- 10/27/16 - Paper published in Royal Society Open Science
- 09/14/16 - Paper published in Proceedings of the Royal Society, B.
- 01/18/16 - Joined Roberts lab
- 11/23/15 - Defended Dissertation
- 07/21/15 - Paper published in Journal of Morphology
- 05/23/15 - Awarded NSF Postdoc Fellowship
- 02/05/15 - Paper published in Computational Measurements and Experimental Methods
- 08/25/14 - Presented at Southern Regional SICB
- 04/23/14 - Paper published in Evolution.
- 01/24/14 - Passed Prelims at Duke!
I first became interested in biomechanics because of archery. In my undergraduate career, I was fascinated by how competitive archers study and master the interaction of body and tools. There are many things that an archer can change about their posture and/or equipment in order to increase the effectiveness of a shot: using lighter arrows increases distance while sacrificing stability, rotating the hips a few inches outward increases balance while reducing power, and so on. Improvements in one area often caused detriments in others, and I was soon obsessed with optimizing the entire shot process.
It was around this time that I met my Ph.D. advisor, Sheila Patek, and learned about mantis shrimp, and their amazing ability to store elastic energy. I was amazed that the appendage of this crustacean, tiny in comparison to my bow, could move its limbs with higher acceleration through water than I could move my arrows through air. That was the moment I realized, "wow, there are a lot of things that we can learn from other organisms."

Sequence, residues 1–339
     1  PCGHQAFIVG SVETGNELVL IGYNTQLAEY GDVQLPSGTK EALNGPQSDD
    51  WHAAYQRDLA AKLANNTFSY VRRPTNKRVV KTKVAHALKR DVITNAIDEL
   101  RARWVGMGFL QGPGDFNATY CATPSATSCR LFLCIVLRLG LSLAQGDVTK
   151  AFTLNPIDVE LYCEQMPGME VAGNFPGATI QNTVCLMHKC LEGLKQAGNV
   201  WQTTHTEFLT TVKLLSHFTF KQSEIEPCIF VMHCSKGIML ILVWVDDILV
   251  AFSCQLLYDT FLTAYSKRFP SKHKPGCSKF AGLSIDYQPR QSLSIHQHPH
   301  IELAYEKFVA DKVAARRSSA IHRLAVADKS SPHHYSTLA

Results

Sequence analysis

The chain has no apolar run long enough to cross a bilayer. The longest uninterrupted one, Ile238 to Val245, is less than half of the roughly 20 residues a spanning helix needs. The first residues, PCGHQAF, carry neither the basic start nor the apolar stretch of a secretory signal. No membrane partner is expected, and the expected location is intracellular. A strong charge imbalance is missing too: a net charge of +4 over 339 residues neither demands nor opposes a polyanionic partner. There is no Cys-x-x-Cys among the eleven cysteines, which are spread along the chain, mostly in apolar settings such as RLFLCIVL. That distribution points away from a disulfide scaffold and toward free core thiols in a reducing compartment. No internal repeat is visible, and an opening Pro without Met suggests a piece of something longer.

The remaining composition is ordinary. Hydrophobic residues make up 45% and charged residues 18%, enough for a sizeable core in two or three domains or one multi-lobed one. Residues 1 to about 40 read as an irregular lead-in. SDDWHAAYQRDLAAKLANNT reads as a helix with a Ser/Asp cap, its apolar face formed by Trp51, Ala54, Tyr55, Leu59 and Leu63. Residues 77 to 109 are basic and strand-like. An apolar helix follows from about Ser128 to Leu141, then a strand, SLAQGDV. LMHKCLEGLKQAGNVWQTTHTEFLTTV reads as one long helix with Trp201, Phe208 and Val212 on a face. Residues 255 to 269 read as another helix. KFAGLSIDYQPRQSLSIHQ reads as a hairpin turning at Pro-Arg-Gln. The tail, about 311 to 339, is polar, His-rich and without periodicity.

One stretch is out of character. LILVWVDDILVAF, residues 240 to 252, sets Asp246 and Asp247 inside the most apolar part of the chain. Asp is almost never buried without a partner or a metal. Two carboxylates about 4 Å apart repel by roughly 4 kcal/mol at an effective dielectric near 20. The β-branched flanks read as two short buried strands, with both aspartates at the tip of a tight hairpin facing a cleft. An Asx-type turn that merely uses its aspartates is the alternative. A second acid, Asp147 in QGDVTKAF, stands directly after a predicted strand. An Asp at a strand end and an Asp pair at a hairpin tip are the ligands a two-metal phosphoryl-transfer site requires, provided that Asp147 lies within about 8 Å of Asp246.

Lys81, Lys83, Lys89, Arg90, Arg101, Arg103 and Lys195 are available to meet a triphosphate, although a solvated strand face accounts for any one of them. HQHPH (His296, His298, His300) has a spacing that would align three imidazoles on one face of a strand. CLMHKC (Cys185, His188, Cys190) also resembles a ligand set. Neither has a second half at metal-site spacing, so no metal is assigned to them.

Since then, I've studied many systems (mantis shrimp, bullfrogs, grasshoppers, rats) to improve my understanding of the mechanics of how biological springs store energy in the context of dynamic movements. My approaches include materials testing, 3dimensional visualization, and computer simulation to capture the fundamental principles of energy storage. I'm currently an NSF postdoctoral fellow in Tom Roberts' lab at Brown University testing hypotheses of tendon dynamics on energy storage and dissipation.
Computation and biology
The most important contributions I try to make at every institution I inhabit are training and support in computational endeavors. I learned most of what I know about programming through self-study and soon decided that I would make my knowledge openly available to my peers. Many of my colleagues wanted to use computation for analysis or simulation, but had no idea how to begin. This is what drove me to create SOURCE (studying, originating, and understanding R code examples), a study group focused on helping each other with statistical problems and computer programming. While working with SOURCE, I've been able to create introductory R classes, produce a computer-intensive biomechanics lab manual, and be involved in multiple consultations and collaborations. I'm currently working on a series of video tutorials on scientific computing for biologists that can be accessed from anywhere on the internet.